To the Editor: In the Epidemiologic Catchment Area Program of the National Institute of Mental Health survey, panic attacks occurred in 28% to 63% of individuals with schizophrenia (1). Investigators have suggested that panic may be related in some way to paranoia (2, 3; unpublished report by Young et al., 1998). To further explore this intriguing connection, we report on a patient with self-described paranoid attacks.
Mr. A was a 42-year-old man who had had schizoaffective disorder since he was 22 years old; he had five hospitalizations for psychosis, depression, and suicidality. Early in his illness, he heard voices threatening to cut off his genitals. He became convinced that his neighbor wanted to shoot him, so he attempted suicide "to die before they could…torture me." Voices telling him that the Mafia was after him and that he was being watched and would be tortured continued episodically. Others sent their thoughts to him telepathically, he said. These symptoms were in good control on a regimen of clozapine, 200 mg/day, and lorazepam, 2 mg b.i.d., except when he had panic attacks.
Mr. A had panic attacks with severe anxiety, shortness of breath, choking, racing heart, sweating, dizziness, light-headedness, chest pains, a feeling that he might lose control or "blow up," and, occasionally, numbness and tingling. During these episodes, he had a return of paranoia, commonly reexperiencing the thoughts that his genitals would be cut off and that others were talking about him behind his back. He referred to these episodes as paranoid attacks.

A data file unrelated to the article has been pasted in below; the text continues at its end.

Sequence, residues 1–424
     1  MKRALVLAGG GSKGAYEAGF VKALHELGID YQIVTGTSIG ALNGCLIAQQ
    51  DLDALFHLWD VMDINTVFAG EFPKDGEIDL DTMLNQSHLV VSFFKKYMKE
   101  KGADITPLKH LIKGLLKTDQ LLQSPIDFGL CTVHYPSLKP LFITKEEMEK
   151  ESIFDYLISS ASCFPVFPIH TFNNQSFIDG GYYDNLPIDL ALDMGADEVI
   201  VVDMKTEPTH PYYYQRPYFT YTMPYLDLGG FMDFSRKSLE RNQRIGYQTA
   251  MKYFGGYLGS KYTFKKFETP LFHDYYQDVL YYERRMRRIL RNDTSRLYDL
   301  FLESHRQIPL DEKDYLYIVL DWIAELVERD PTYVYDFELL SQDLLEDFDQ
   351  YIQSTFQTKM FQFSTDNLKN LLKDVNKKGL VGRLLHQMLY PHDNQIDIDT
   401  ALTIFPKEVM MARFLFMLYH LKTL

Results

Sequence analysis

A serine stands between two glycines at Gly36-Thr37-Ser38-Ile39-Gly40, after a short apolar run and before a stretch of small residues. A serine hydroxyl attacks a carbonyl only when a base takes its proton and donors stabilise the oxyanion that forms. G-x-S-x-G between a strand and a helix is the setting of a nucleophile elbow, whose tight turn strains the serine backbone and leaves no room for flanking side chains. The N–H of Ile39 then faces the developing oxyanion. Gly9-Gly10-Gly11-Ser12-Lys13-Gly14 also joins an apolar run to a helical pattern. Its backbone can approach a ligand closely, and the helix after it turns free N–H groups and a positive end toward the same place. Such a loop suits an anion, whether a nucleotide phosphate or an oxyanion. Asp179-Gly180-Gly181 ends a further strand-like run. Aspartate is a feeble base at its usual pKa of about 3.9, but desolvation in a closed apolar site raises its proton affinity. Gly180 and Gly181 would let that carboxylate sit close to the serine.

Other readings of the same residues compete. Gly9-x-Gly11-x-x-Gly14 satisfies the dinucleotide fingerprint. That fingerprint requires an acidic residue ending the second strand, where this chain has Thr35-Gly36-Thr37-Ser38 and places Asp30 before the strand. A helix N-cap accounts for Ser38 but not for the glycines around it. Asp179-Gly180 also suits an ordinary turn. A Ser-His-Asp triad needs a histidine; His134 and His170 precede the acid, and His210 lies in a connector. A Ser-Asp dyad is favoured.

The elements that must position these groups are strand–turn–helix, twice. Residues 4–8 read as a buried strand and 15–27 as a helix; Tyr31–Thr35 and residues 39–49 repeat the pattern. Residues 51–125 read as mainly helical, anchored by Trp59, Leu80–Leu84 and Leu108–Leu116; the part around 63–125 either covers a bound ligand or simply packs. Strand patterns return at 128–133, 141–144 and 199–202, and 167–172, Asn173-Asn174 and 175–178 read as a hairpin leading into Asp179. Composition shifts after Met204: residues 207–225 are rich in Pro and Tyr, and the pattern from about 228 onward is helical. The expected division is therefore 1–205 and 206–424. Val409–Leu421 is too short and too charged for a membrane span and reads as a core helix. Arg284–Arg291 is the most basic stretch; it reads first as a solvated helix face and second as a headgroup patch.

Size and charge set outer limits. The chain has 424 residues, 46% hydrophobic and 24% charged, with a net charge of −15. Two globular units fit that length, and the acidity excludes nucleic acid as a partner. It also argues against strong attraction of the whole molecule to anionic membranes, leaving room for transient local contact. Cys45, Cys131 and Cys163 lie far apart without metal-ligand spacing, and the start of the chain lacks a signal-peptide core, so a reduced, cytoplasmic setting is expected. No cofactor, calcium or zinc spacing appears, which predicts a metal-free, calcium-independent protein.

Siris and colleagues (4) presented three patients with schizophrenia or schizoaffective disorder and panic, one of whom also described his panic-like attacks as paranoid attacks. Galynker and colleagues (5) described four patients in whom panic attacks were closely followed by, or coincided with, the development of psychotic symptoms.
What is the relationship between panic and paranoid attacks? Panic attacks appear to be sudden explosions of extreme anxiety, with a host of associated physiological components, including rapid heart rate and breathing, sweating, and the like. Panic attacks include a cognitive component, a feeling of dread attributed to a sense of impending catastrophe, loss of control, or "going crazy." These cognitive elements might be the mind elaborating while seeking to explain sudden, inexplicable fear. The paranoid thoughts expressed by a person with paranoid attacks likewise might represent the cognitive elaboration of a panic attack, the result of a mental search to attribute such danger to a suitably malevolent component of the environment. Perhaps panic and paranoia share some underlying biological substrate.
Are paranoid attacks the form that panic attacks take in certain psychotically vulnerable individuals? Other patients with schizophrenia have told us, when questioned, that they have paranoid attacks. The rate of panic episodes in schizophrenia may reflect the presence of such a process, because respondents responded affirmatively to the panic question on the National Institute of Mental Health Diagnostic Interview Schedule: "Have you ever had a spell or attack when all of a sudden you felt frightened, anxious, or very uneasy in situations when most people would not be afraid?" How common are they? This phenomenon deserves further consideration from several perspectives, including implications for etiology and treatment (3).